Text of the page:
Why do BMWs' cost so much to run??

Discussion in 'GS Boxers' started by Domromer, Dec 28, 2012.

  1. vintagerider

    vintagerider Long timer

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    How much do BMW's cost to run?

    A: Coasting downhill not much more than any other. The 11xx series are by far easiest on the wallet. If buying a 1200 then either buy one with a warranty or plan on dropping $2-$4k any season that you are out running hard. The new marketing plan anticipates that the average rider has well over a six figure income and will trade in before the warranty expires. 25 years ago it was unthinkable to sink this kind of money in to riding. Investing in an older 1200 is a lot like building in the flood plane.
    #21
  2. N-m

    N-m Captain 2 Sexy

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    If these comments on the 1200's are true the value and appreciation for my '95 will only continue to climb. Values on most other bikes will only continue to drop.
    #22
  3. JimVonBaden

    JimVonBaden "Cool" Aid!

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    Vintage Rider is a bit of a Luddite. The R1200 is easily as reliable as the R1100/1150.

    Anyone interested in the difficulty level of R1200 maintenance should look here for a tutorial: http://www.jimvonbaden.com/R1200_Final_Drive.html http://www.jimvonbaden.com/R1200_24K.html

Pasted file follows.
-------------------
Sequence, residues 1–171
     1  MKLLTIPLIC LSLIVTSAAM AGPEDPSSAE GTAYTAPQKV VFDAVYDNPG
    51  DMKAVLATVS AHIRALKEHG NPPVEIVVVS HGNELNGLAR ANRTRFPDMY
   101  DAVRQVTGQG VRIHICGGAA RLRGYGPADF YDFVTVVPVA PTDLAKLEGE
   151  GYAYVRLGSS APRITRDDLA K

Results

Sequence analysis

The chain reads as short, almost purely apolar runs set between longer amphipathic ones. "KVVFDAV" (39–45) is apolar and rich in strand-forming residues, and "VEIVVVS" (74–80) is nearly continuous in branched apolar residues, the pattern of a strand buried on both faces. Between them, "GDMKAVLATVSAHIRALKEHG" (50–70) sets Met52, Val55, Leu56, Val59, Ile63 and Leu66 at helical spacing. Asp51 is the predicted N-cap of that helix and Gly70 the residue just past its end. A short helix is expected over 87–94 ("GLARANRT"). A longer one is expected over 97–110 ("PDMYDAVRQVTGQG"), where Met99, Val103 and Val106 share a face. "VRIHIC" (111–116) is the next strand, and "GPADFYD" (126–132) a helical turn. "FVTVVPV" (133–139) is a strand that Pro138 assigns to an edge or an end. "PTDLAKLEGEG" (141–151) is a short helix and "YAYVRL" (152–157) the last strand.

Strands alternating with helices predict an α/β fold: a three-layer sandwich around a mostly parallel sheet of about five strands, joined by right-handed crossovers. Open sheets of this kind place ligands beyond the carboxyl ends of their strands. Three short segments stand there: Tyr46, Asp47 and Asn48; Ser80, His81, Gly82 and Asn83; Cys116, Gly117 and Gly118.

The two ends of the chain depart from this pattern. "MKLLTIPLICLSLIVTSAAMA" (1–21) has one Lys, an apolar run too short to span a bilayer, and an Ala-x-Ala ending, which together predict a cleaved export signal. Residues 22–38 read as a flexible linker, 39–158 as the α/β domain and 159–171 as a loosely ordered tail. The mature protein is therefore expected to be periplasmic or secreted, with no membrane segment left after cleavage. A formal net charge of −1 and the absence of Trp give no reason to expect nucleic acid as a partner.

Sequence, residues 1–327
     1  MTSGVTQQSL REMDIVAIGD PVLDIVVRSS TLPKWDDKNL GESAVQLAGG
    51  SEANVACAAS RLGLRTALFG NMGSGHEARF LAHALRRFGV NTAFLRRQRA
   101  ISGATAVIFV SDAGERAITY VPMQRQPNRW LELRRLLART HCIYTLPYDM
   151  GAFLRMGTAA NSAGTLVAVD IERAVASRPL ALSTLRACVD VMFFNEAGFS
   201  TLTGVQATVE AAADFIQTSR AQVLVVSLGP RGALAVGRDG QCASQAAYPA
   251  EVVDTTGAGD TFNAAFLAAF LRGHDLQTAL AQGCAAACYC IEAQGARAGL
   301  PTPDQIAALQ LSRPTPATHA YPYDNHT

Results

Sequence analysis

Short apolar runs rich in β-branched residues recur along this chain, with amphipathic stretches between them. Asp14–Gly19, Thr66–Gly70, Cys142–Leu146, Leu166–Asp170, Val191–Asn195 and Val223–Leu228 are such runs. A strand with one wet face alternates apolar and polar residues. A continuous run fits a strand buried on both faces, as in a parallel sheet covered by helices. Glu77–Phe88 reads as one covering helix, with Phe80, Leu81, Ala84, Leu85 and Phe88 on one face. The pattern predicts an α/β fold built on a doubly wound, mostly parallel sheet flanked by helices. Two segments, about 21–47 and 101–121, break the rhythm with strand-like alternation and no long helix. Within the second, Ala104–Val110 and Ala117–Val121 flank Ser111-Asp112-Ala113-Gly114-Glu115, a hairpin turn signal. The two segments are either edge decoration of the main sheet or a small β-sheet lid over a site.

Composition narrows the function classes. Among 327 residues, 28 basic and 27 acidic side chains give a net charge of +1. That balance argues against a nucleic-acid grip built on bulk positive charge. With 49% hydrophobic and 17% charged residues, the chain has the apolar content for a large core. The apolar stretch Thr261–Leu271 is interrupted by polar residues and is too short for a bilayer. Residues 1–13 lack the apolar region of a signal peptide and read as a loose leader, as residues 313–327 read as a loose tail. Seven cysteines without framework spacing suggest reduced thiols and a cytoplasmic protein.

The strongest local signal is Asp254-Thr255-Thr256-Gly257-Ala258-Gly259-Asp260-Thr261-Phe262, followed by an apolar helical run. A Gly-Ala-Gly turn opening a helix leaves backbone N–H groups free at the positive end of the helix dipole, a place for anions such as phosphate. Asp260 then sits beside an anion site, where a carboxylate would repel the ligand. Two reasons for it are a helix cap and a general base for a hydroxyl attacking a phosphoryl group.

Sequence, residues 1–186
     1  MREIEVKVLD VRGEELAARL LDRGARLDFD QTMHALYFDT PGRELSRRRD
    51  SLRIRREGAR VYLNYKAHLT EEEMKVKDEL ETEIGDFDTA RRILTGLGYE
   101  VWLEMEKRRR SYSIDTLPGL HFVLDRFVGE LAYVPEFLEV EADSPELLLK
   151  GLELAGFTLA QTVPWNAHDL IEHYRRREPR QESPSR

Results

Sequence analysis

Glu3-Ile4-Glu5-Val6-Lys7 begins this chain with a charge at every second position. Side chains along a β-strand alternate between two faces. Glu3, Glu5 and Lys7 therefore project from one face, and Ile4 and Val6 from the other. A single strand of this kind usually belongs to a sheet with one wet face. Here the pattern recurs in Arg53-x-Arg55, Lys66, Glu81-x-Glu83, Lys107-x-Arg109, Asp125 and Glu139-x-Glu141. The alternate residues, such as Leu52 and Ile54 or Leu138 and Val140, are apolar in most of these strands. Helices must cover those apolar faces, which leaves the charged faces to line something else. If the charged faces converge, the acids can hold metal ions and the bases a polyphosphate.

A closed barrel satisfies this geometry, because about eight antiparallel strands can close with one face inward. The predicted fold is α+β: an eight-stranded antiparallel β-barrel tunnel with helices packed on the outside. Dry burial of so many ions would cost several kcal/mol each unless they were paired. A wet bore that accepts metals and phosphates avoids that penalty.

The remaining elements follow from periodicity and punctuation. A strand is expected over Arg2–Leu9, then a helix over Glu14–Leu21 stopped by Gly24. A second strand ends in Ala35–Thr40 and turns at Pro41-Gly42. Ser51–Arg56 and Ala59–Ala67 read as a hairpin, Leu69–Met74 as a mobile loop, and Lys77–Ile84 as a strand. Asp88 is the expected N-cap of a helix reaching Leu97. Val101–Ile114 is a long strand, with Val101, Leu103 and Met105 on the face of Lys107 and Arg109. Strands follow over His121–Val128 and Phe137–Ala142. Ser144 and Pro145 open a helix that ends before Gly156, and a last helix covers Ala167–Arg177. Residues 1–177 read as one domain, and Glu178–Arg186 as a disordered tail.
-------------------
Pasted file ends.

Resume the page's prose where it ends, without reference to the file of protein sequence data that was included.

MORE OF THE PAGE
There are easily as many R1200 bikes, as mile to mile basis, as there are R1100/1150 bikes building big miles with nothing but regular maintenance.

    My R1200GS has 120K miles on it, and runs like new.:deal

    Jim :brow
    #23
  4. Domromer

    Domromer Desert Rat

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    Well I'm glad I finally asked some actual BMW riders about BMWs. Almost all my knowledge of bmw is via other bike forums and most of the riders were either guys who had bmws and got rid of them or had stories hat involved a buddy of a buddy.

    The GS has been on my radar since 03 when I took a test ride and when I rode my bosses R80 Paris Dakar. So it's time for me to start doing some serious bike research again. I finally cleared some bikes out of the garage. Maybe it's time for a bike I've been into for years. The vstrom is a great bike and I'm on my 2nd one..they've just never really flipped my whig if you know what I mean.
    #24
  5. JustKip

    JustKip Long timer

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    How do you define "running hard"?
    My '07 R1200GS did 4500 miles in 6 days back in march. Average speed - 85 mph. Maintenance? Not even an oil change. That was my longest trip, but my bike has seen 100+ mph for a full tank of gas many, many times, as well as a few long trips of over 3,000 miles at a pretty good pace. My bike has seen hundreds of miles of dirt roads (not "off road") and has only had fluids changed, valve adjustments, and tires...and 2 batteries.